Daimler Trucks, through its Mitsubishi Fuso brand, has launched the world’s first series produced all-electric light-duty truck, which will be delivered to customers in Europe, the US and Japan from later this year.
The company is planning to sell 500 units of the truck – the Fuso eCanter – over the next two years, after which it will look to update the model with new technologies developed in that time and begin larger-scale production. The first trucks will be based in New York, with courier company UPS and four non-governmental organisations (NGOs) taking possession.
Marc Llistosella, CEO of Mitsubishi Fuso and head of Daimler Trucks Asia, comments: ‘In times when everybody is talking about electric trucks, we are the first to actually commercialise a series produced all-electric truck. Having a long history in alternative drivetrains, we are proud to step into this new era. Our Fuso eCanter comes with years of customer testing, and now addresses the increasing global demand for products to meet and exceed high CO2 emission standards. It offers an attractive and cost-effective alternative to combustion engines and makes electric trucks key to the future of inner city distribution.’
The Fuso eCanter has a range of 65 miles and a load capacity up to three and a half tons, depending on body and usage. The vehicle´s electric powertrain contains six high voltage lithium ion battery packs. According to the company, in comparison with a conventional diesel truck, it offers savings of up to €1,000 per 6,000 miles on operating costs.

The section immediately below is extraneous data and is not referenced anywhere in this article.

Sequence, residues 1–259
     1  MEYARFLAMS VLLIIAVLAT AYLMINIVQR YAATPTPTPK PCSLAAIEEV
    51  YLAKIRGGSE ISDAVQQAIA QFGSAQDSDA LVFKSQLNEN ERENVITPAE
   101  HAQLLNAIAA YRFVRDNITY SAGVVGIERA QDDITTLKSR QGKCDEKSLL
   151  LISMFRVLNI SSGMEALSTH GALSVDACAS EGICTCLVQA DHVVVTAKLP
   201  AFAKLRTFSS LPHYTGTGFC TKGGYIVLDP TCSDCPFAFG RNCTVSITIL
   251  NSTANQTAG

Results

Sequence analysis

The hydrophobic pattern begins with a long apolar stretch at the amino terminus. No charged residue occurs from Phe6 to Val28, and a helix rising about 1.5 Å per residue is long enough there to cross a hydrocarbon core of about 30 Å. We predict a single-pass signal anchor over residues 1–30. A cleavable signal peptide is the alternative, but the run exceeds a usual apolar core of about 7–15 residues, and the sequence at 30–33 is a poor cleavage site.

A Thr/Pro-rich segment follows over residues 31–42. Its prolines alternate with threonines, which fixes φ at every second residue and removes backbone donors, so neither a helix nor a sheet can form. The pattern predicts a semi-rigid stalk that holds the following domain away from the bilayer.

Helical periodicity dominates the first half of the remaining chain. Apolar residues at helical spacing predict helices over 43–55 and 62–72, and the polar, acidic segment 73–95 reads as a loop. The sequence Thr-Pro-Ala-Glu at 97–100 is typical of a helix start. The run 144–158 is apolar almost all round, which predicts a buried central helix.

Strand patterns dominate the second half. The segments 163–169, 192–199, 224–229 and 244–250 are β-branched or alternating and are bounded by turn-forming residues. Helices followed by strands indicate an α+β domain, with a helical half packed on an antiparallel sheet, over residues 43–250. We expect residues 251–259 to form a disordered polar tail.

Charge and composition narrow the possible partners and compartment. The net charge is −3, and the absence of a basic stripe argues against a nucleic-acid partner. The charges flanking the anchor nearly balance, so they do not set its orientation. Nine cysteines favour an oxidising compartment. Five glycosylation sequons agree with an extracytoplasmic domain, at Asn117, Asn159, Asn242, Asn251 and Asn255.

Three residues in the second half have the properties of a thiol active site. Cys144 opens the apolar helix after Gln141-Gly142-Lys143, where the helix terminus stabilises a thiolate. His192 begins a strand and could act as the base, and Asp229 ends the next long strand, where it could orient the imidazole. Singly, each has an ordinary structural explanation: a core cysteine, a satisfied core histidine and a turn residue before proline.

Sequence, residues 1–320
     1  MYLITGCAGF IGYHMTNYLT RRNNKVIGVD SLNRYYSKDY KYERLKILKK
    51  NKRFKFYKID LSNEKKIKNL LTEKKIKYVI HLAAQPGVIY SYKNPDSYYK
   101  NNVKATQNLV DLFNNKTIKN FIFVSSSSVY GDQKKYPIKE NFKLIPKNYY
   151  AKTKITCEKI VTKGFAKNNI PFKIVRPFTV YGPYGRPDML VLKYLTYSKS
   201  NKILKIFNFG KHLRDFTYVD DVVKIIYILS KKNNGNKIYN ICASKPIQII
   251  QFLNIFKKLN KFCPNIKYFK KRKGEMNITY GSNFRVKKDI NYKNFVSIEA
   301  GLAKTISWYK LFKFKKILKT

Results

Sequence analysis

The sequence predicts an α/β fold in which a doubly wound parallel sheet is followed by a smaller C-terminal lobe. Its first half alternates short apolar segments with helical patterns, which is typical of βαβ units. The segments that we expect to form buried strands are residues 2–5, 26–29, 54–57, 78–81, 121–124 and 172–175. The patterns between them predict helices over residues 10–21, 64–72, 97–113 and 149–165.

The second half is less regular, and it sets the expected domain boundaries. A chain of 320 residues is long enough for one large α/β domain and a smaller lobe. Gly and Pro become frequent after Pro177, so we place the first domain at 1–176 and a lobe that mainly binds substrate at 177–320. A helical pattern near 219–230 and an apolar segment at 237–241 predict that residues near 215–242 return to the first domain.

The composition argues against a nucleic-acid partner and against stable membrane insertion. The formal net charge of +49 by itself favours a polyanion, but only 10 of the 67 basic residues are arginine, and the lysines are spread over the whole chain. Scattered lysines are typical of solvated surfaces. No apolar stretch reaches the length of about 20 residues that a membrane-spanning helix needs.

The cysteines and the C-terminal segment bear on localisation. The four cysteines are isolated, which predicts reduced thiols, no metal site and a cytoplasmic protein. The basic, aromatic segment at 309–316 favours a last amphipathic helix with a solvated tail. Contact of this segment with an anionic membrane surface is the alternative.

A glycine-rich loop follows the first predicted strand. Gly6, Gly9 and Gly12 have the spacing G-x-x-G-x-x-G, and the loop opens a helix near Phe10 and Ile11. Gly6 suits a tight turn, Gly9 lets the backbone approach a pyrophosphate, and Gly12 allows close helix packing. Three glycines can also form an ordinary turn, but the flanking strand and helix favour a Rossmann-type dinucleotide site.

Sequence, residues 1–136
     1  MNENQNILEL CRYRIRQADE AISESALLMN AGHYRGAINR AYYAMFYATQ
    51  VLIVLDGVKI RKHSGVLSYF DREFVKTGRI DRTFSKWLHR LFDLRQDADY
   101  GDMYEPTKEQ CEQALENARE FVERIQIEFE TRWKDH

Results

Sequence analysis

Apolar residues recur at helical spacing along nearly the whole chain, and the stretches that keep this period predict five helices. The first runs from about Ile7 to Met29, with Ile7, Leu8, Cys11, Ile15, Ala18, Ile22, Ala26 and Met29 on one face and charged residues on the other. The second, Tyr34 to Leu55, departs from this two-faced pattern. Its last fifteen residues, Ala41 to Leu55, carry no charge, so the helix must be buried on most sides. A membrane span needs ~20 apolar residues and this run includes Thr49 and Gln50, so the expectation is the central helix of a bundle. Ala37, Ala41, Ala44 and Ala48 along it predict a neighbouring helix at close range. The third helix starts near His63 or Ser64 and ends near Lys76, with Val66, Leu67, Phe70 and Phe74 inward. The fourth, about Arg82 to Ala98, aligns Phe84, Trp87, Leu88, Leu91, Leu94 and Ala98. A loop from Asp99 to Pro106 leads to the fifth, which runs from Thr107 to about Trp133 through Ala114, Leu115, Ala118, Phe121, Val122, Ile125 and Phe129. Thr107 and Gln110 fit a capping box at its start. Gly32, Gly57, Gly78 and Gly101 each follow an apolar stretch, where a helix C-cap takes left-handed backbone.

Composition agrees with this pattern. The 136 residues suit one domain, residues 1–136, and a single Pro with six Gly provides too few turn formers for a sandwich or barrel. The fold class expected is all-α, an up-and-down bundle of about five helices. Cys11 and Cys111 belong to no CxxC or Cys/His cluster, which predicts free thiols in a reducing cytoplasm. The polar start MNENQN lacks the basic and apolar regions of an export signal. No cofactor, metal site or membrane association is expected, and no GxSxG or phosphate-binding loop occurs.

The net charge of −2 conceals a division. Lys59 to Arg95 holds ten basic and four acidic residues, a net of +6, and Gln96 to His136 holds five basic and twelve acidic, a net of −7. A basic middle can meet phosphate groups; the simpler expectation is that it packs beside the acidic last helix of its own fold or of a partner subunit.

Meanwhile, Tesla is expected to present its electric heavy goods vehicle (HGV) at the end of October, later than was previously expected. In addition, the company is planning to launch a smaller pickup vehicle, similar to the Fuso eCanter, within the next 18 months.
In a Tweet, Elon Musk, Tesla’s founder, called the new truck a ‘beast’ and confirmed that tests would be taking place prior to launch, with a date of 26 October set.
With the bigger vehicle comes the need for a longer range, and the Tesla truck is expected to be able to travel between 200-300 miles on a single charge. Reports also suggest that the vehicle will have some level of autonomy, similar to the company’s Autopilot technology. Tesla hopes the launch will help revolutionise trucking in the US, before moving out to the global market.
Speaking at the company’s annual general meeting in June 2017, Musk commented: ‘A lot of people don’t think you can do a heavy-duty, long-range truck that’s electric, but we are confident that this can be done.’
Photograph courtesy of Daimler